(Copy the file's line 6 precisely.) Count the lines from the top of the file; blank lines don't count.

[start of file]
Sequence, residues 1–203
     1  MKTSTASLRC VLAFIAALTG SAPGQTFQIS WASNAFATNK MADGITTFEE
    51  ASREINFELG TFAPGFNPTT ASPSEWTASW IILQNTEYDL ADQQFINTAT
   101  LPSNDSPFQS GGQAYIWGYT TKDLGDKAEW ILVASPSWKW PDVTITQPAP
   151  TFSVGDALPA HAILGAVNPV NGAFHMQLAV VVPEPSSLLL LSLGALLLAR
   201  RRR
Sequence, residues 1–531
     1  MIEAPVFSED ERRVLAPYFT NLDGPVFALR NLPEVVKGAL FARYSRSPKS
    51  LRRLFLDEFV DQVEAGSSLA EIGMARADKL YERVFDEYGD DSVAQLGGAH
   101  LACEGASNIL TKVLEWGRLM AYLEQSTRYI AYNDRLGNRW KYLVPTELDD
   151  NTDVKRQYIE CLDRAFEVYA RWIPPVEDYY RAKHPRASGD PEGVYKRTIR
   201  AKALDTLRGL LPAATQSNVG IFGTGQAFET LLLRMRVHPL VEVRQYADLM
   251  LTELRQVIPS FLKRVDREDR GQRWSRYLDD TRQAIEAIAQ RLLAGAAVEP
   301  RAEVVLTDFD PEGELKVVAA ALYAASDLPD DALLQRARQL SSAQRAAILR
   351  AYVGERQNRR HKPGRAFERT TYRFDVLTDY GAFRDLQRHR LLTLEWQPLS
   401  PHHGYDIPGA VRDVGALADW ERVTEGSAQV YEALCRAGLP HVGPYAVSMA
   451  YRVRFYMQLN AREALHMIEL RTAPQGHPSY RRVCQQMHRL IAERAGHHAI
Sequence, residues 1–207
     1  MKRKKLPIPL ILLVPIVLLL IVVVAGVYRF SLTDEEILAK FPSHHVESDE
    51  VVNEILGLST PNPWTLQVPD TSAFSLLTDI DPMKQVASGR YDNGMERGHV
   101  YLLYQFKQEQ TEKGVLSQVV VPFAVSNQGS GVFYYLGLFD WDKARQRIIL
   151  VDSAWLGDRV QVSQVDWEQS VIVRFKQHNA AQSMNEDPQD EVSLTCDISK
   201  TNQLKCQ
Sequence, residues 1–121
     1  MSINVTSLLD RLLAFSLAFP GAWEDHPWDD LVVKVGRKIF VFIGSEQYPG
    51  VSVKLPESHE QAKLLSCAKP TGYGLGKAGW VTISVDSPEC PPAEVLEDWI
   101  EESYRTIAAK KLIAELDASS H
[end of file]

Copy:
   201  RRR